Diving the Kyarra (Oct 2004)

by Paul Morris.

16th October, 2004: The Kyarra is a 126m passenger & cargo liner that was sunk by a U boat towards the end of the Great War. In the early morning of May 26th 1918 the Kyarra was torpedoed port side mid-ships by UB-57, killing six crew. The remainder escaped to the lifeboats, and seven minutes later the Kyarra dived to the bottom.

The Kyarra has become a favourite with divers due to its close proximity to Swanage and the lure of prospective treasure. The Kyarra was laden with a mix of general cargo and amongst other things, gold pocket watches, bottles of champagne, red wine, perfume, and divers gold (BRASS) – don’t ask me what the fascination with Brass is all about. Probably got dropped from the diving syllabus in the mid eighties when we started to appreciate things like wreck protection and preservation, when lump hammers and chisels were no longer ’standard kit’. Long before my time, honestly.

Well, our club has not been dealt the best of luck with diving the Kyarra in recent times. I have lost count of the number of trips to Swanage by various members that have been cancelled due to the weather conspiring against us. Not this time. With reports of 10m plus visibility and a windless week the signs were looking good. Despite moderate winds on the day and spring tides, the sun was shining and though not 10m, visibility was easily 6-8m at depth.

kyarra1The boat neared the site when the skipper announced slack had come early, apparently a common occurrence for the Kyarra. A whole 40 minutes early! The Kyarra has two buoys; one attached port side mid-ships and one near the bow. Each buoy has a smaller tide buoy attached. If you are planning a longer dive the advice is to jump in just before slack water when the smaller buoy is showing, and pull yourself down the line. The current should be diveable at depth, just going slack. Slack water arrives when the main buoy also surfaces. When we jumped in both buoys were already showing, and despite the spring tides we floated down the line with ease arriving on the port side keel near the bow.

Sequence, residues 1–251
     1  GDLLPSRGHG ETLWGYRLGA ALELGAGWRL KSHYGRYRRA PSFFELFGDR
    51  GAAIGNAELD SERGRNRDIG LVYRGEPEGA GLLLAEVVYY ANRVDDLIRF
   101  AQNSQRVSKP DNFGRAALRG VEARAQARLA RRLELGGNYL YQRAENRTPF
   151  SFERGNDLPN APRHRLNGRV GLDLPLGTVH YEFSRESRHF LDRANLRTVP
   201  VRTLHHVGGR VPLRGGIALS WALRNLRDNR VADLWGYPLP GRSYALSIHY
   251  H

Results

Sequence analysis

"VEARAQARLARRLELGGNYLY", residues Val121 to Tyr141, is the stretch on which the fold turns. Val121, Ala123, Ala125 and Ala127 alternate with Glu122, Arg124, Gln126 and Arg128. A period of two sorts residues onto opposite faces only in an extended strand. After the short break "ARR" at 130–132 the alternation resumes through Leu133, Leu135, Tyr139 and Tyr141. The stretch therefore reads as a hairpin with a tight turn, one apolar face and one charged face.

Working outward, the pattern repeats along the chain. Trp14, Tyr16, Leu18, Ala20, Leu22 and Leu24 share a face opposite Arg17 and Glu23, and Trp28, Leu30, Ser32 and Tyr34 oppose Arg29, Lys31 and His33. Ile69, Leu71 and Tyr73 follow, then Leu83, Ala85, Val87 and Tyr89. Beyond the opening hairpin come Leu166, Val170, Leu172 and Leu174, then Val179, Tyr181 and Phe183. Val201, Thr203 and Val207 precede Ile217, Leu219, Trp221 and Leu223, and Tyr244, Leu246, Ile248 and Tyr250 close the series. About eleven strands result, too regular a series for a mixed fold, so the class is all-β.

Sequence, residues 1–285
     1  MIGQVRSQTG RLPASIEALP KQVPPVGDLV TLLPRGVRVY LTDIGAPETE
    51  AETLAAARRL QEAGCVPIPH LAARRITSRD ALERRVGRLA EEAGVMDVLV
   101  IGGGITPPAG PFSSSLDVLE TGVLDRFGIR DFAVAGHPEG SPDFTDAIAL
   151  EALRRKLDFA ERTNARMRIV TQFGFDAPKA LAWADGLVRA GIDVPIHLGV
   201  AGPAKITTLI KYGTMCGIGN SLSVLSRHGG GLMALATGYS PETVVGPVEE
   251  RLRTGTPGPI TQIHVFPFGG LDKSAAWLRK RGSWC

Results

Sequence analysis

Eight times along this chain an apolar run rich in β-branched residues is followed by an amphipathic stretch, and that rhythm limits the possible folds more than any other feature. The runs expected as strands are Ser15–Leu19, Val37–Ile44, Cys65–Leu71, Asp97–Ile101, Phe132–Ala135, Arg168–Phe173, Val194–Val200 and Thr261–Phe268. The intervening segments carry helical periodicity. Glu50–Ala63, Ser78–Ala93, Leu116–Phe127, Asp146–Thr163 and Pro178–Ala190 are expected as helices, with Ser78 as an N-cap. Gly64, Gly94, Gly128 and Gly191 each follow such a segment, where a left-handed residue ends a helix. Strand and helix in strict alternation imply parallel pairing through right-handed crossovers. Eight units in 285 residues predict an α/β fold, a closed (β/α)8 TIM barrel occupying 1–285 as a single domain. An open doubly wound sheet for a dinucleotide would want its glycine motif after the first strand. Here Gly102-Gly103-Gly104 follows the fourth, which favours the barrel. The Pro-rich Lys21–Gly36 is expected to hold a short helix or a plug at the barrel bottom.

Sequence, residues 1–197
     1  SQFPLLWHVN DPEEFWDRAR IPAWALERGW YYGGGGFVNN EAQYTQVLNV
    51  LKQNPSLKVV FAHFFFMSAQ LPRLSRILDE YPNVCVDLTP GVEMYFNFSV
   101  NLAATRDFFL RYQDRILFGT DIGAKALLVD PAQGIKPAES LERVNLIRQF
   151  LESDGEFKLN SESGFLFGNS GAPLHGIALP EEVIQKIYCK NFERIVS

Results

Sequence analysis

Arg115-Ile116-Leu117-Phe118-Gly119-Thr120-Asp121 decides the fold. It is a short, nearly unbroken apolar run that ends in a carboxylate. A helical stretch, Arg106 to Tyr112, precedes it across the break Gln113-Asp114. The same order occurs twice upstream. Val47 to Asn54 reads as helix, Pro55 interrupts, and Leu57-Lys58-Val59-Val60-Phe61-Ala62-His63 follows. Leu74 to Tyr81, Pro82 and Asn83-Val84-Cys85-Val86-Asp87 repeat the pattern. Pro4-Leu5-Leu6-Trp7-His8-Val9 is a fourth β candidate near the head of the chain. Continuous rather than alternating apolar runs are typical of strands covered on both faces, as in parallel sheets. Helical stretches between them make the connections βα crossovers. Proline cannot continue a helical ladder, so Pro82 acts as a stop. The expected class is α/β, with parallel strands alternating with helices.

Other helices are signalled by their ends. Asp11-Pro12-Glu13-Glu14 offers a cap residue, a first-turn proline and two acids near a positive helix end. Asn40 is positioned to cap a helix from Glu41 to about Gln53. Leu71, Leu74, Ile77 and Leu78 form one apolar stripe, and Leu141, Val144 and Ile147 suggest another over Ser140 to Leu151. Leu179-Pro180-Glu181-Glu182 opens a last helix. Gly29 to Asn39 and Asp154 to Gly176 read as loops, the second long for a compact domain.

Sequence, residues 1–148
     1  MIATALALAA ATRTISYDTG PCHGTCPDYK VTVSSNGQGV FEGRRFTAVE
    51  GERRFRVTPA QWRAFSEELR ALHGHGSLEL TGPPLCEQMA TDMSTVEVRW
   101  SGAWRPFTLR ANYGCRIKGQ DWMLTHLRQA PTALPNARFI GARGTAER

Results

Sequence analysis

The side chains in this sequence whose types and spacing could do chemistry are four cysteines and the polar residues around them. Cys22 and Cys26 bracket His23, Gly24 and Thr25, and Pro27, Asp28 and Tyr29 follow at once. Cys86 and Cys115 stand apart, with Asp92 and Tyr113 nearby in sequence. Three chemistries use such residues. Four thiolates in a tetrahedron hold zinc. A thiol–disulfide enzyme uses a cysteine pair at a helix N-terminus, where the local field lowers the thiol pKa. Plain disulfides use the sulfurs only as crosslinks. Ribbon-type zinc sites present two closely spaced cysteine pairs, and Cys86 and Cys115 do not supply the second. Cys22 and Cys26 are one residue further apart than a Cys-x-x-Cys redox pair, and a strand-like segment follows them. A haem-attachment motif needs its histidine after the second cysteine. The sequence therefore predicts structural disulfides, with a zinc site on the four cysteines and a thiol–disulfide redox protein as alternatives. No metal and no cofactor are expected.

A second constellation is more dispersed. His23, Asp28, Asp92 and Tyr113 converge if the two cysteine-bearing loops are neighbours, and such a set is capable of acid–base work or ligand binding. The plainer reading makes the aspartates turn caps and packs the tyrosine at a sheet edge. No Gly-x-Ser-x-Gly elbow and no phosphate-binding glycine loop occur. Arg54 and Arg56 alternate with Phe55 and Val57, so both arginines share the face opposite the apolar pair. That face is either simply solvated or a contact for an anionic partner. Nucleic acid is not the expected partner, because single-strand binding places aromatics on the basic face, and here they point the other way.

At this point, we made a serious error and turned right with the slight current still running and followed the port side of the hull right the way along the ship between the seabed and the keel. The hull is pretty, but the deadmens fingers are much smaller than the usual fare, leaving the hull relatively bare for a ship of this age, probably a symptom of the ferocity of the current that runs here. Apart from the seabed, sparse marine growth on the hull, the odd shoal of fish and the torpedo damage there is nothing much to see. As the wreck lies on its starboard side, anyone who has seen the diagram will realise all the deck fittings, boilers, and holds of treasure lie on the starboard side. If only we had swum up and over the wreck at the start, what might we have seen? Never mind, there has to be a next time now.
kyarra2kyarra3As we moved down the ship, the scale and one time grandeur of this vessel became apparent. Shoals of Poor Cod circled around the wreckage above the Hull plates and huge Pollack were to be seen out in the current.
Looking up the port side towards the railings, portholes were visible (well porthole holes). Sadly the brass coveting wreckies had taken the actual portholes. Shoals of poor cod circled the boat derricks above set against the intimate green glow the ambient light takes on at this depth.